Political violence shakes Thai capital

Political violence shakes Thai capital

BANGKOK - Thai police fired tear gas and water cannon Sunday at protesters trying to storm the government headquarters to overthrow Prime Minister Yingluck Shinawatra, after violence in the capital left four dead and dozens wounded.

The bloodshed is the latest in a series of outbreaks of civil strife in the kingdom since royalist generals ousted billionaire tycoon-turned-premier Thaksin Shinawatra, Yingluck's brother, seven years ago.

The street rallies, aimed at replacing Yingluck's government with an unelected "people's council", are the biggest since mass pro-Thaksin protests in Bangkok three years ago left dozens dead in a military crackdown.

Police repeatedly fired tear gas and water cannon as protesters tried for hours to breach barricades and cut barbed wire protecting Government House, which was heavily guarded by security forces including unarmed soldiers, according to an AFP reporter.

Yingluck was not present at the time. The government denied rumours that she had fled the country but her whereabouts were unknown. Tear gas was also fired at protesters near the metropolitan police headquarters several kilometres (miles) away.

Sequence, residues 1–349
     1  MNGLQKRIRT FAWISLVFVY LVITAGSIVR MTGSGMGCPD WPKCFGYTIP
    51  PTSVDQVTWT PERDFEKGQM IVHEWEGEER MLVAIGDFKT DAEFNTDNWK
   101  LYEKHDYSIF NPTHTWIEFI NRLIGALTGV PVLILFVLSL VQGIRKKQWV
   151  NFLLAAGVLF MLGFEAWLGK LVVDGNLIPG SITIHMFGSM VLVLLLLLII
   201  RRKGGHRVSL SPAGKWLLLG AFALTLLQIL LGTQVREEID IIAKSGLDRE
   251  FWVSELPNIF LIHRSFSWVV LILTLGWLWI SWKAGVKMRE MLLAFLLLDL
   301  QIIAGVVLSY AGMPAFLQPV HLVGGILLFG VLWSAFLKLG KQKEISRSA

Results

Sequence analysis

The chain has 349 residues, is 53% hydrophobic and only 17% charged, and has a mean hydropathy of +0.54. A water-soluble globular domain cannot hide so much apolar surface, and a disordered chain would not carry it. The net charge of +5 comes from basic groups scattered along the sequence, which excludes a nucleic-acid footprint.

Demonstrators marched on major television stations while several large shopping malls, including one that was set ablaze during political unrest in 2010, were closed as a precaution.

Violence broke out late Saturday in the area around a suburban stadium where tens of thousands of pro-government "Red Shirts" had gathered in support of Yingluck, who has faced weeks of street protests.

Four people were killed and 57 wounded, according to Bangkok's Erawan emergency centre. The dead and injured suffered a range of wounds including gunshots and stabbings.

At least two of the dead were believed to be Red Shirt supporters.

The circumstances were unclear but the violence came after an anti-government mob attacked Red Shirts arriving to join the rally in Ramkhamhaeng district.

They were the first deaths since the mostly peaceful demonstrations began a month ago. Both sides blamed each other for attacking their supporters.

The violence prompted Red Shirt leaders to end their rally, which had drawn tens of thousands of mainly rural poor in support of Yingluck and her brother Thaksin, who lives in self-imposed exile but remains a hugely divisive figure in Thailand.

A double-decker bus was also set ablaze Sunday in the same area.

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